Jan/Feb 2022 RMM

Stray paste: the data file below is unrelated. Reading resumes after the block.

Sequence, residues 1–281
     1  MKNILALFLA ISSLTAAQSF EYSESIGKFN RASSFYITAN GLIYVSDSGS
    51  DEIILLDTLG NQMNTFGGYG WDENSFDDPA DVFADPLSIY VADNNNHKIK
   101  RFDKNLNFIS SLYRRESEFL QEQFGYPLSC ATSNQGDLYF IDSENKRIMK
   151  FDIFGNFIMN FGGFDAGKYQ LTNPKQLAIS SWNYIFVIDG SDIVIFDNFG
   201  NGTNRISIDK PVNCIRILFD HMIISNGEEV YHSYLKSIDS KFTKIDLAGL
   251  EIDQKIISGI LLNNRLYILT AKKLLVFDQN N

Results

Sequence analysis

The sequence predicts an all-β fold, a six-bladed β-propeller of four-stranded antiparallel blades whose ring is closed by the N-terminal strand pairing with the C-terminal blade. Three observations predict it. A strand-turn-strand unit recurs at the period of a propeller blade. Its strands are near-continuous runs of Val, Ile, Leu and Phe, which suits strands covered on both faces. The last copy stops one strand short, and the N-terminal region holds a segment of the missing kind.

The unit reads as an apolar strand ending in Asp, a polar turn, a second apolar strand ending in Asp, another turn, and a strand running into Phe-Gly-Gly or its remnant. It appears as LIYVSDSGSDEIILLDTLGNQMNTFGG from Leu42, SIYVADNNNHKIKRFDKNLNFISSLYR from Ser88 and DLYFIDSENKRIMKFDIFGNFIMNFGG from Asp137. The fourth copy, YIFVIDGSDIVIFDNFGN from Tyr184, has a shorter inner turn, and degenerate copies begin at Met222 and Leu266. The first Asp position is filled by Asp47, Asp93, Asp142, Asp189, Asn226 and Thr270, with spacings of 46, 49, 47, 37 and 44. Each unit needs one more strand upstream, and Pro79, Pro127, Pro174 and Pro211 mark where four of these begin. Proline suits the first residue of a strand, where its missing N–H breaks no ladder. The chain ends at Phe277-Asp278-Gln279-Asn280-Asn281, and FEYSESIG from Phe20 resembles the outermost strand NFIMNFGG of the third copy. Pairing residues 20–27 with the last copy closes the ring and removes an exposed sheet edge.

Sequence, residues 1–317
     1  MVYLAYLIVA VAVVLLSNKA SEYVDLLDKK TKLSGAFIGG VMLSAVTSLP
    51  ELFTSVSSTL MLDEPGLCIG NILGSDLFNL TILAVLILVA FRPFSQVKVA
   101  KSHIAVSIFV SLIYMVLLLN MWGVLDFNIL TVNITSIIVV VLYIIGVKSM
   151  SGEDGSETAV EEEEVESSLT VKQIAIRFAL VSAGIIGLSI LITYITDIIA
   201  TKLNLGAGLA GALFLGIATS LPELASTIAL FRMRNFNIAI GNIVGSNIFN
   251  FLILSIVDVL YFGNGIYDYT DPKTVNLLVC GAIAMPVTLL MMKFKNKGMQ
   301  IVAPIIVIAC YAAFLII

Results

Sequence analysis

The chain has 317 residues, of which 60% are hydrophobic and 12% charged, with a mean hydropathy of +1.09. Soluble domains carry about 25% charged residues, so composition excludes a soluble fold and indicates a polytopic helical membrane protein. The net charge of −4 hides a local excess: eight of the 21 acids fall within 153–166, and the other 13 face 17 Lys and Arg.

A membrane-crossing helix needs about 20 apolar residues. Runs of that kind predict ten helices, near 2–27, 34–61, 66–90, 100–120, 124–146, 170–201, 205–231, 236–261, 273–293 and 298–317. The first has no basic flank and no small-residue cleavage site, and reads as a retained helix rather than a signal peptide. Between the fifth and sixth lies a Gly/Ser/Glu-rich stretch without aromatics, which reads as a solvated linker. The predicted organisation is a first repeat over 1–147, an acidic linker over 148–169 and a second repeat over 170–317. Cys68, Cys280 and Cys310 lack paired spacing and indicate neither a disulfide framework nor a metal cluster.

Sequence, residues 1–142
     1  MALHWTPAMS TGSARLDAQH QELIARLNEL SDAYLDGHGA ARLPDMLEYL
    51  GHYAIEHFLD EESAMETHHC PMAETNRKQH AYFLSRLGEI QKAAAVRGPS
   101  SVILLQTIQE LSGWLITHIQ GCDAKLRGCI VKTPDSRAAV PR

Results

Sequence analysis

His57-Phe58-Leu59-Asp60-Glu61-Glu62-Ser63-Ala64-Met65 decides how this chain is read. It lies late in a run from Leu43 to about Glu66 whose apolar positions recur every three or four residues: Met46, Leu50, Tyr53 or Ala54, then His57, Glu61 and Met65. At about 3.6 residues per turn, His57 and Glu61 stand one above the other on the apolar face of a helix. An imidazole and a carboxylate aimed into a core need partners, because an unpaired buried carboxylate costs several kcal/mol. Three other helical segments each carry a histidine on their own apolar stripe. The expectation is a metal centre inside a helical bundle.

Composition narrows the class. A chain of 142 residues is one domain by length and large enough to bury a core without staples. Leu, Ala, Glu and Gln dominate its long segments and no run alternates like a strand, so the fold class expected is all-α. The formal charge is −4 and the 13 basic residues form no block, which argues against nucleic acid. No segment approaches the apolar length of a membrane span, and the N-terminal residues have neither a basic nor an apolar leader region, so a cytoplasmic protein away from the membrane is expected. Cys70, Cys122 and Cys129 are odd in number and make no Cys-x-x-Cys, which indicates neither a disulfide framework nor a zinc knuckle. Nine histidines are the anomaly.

says. Fannie Mae eventually accumulated a HECM portfolio of more than $50 billion. Private-sector broker dealers followed up with efforts to securitize HECMs in 2006 to 2007, thinking they could do better than Fannie Mae, McCully says. But their efforts did not gain traction. Fannie Mae, though, eventually decided to back off buying HECMs and started to exit the market in 2008. Fortunately, a team of bankers from the former Lehman Brothers, including Joe Kelly, who is now a partner at New View Advisors, had proposed to Ginnie Mae in 2004 several program improvements, including fixed-rate HECMs and the HMBS securitization structure. They persuaded the Government National Mortgage Association (Ginnie Mae) to provide a government-backed guarantee for HECMs. The move gave investors confidence in securities backed by the loans, McCully says. “The Ginnie Mae wrap further validated the HECM program,” he adds. The shift also led to growth in fixed-rate HECMs, since Fannie Mae had only been interested in adjustable-rate products. The next step in the market’s evolution came about with standardized pricing assumptions for HMBS, McCully says. “Sellers would have a pool of loans to bid out to broker-dealers and each bidder used a different set of assumptions to determine value.” Among the breakthroughs was an agreement on a benchmark prepayment curve reflecting the expected speed at which HECMs would prepay, he says. “That was a big milestone for our industry.” Over time, the pool of investors in HMBS has deepened, McCully adds. It now includes banks and thrifts, insurance companies, hedge funds and other money market funds, state and local authorities—essentially any investor that buys AAA-rated securities is a possible investor. “The market has become larger. It’s more recognized. And there’s a standard set of benchmarks that were established over time to improve liquidity,” McCully says. The market also has grown more efficient with the introduction of an additional layer of securitization known as a HMBS real estate mortgage investment conduit, or HREMIC, McCully says. “HREMICs are relatively simple structures that further optimize the value of the underlying HECMs to suit investor needs,” McCully says. “Approximately 90 percent of all HECMs end up as collateral in HREMICs.” The result has been greater liquidity and better prices in the market, which translates into more proceeds for borrowers and improved profitability for lenders, McCully says. But because the secondary market for reverse loans is smaller than the forward market, the impact of bond buyers can be greater, says McCloskey. Buyers are influenced by interest rates, as they are in any bond market, she notes. But they also react to regulatory changes to the HECM program, such as the 2017 modifications to principal limit factors. Known as PLFs, they determine the cash proceeds available from a HECM. Other major tweaks include the introduction of financial assessments for potential borrowers. “Those changes do affect the appetite of the end buyer,” she says. The changes in the market can impact the prices paid to originators, even after they have originated a HECM and lined up a buyer, given the time it takes to close a loan, she says. Where It’s Going The other turning point for the secondary market in reverse mortgages is the return of private-label reverse loans. Non-agency reverse mortgages were relaunched in 2014, but it took three years to accumulate enough loans for a securitization, McCully says. Thus, the first securitized pool of new-issue private-label reverse mortgages was sold in 2017. There had been a small number of seasoned pools securitized. Market volume of private-label reverse mortgages receded in 2020 due to the COVID-19 pandemic and the sharp drop in interest rates, which made HECMs more attractive, McCully says. The drop in rates also spurred growth in HECM-to-HECM refinancings, which boosted prepayment speeds and distorted projected returns for investors. Nonetheless, there have been more than two dozen securitizations of private-label reverse mortgage loans since the program’s re-emergence, he says. The private-sector nature of the market makes data on volume harder to come by, but, McCully says, “It’s doing extremely well. Just as with HMBS, investors have taken the time to understand the collateral and the many positive attributes and benefits reverse mortgage securities offer.” REVERSE MORTGAGE / JANUARY-FEBRUARY 2022 25